Raymond Carver, Gravy

Alongside Ernest Hemingway, F. Scott Fitzgerald and Tennessee Williams, Raymond Carver was part of the class of great 20th Century American writers tortured by drink. Renowned for his short stories, you may know him from ‘What we talk about when we talk about love’- Michael Keaton’s  chaotic play within the film Birdman.  His disease took his first marriage, his health and nearly his talent, before he started his ‘second life’, sober, at the age of 40. He found his calm and his work with his second wife, Tess, and lived 10 ‘gravy’ years before being diagnosed with, and dying from cancer at 50. This poem is his tribute to those years and can be found inscribed upon his gravestone, along with the passage:

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LATE FRAGMENT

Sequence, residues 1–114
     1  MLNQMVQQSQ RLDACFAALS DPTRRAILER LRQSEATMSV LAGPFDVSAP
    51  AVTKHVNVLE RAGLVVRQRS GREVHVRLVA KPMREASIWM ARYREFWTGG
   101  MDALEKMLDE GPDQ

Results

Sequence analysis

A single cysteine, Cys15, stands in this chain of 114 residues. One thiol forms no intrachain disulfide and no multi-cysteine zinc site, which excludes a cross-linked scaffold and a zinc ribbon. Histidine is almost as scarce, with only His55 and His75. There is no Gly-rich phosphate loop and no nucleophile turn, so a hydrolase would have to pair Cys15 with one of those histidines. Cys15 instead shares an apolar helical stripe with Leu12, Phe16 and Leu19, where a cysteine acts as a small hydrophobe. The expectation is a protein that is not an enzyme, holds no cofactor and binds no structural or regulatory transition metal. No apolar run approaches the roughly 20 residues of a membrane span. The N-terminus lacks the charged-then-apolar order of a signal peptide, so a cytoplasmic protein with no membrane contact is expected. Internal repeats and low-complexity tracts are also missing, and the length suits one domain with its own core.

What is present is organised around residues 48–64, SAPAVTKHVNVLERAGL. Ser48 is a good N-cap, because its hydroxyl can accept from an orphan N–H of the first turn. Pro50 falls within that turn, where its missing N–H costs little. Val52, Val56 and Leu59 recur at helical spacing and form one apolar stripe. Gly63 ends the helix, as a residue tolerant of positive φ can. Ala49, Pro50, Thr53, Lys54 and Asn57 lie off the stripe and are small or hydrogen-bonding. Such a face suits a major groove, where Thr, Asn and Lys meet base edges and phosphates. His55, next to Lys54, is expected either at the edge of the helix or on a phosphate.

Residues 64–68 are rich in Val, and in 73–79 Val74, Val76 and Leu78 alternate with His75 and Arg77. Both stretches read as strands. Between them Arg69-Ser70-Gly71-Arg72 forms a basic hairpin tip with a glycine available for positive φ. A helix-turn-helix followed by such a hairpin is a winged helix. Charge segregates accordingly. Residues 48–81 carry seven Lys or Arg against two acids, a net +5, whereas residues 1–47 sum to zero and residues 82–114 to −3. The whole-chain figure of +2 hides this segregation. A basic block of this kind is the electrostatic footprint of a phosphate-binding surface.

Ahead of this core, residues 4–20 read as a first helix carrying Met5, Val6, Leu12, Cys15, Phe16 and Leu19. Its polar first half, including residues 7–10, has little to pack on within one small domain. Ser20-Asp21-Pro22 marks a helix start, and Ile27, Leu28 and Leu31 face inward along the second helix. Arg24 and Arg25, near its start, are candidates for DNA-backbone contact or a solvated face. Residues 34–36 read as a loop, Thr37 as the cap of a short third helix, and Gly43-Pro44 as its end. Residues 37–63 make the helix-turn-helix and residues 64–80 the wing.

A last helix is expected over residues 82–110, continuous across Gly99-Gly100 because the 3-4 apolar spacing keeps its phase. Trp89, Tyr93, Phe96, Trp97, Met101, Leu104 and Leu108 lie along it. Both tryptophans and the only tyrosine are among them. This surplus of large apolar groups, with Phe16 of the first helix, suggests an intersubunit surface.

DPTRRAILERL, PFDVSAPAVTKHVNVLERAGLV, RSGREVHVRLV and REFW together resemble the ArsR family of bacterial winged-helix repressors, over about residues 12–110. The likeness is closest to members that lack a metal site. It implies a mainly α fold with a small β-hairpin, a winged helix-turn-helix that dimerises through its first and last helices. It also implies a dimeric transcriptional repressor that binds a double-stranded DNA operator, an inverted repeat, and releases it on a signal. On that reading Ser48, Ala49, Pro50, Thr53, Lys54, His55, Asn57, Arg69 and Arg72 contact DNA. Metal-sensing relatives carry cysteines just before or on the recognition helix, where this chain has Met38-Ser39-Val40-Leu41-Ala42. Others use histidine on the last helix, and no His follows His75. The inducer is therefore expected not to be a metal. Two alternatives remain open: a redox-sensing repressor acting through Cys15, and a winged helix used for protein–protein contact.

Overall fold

And did you get what
you wanted from this life, even so?
I did.
And what did you want?
To call myself beloved, to feel myself
beloved on the earth

 

Gravy
by Raymond Carver

No other word will do. For that’s what it was.
Gravy.
Gravy, these past ten years.
Alive, sober, working, loving, and
being loved by a good woman. Eleven years
ago he was told he had six months to live
at the rate he was going. And he was going
nowhere but down. So he changed his ways
somehow. He quit drinking! And the rest?
After that it was all gravy, every minute
of it, up to and including when he was told about,
well, some things that were breaking down and
building up inside his head. “Don’t weep for me,”
he said to his friends. “I’m a lucky man.
I’ve had ten years longer than I or anyone
expected. Pure Gravy. And don’t forget it.”

Read more: The Trip to Echo Spring by Olivia Laing explores the unique stories of six of the great writers of this period including Raymond Carver, united by the all-powerful bottle. 

Words by Matthew James. The Iris Letter March 2017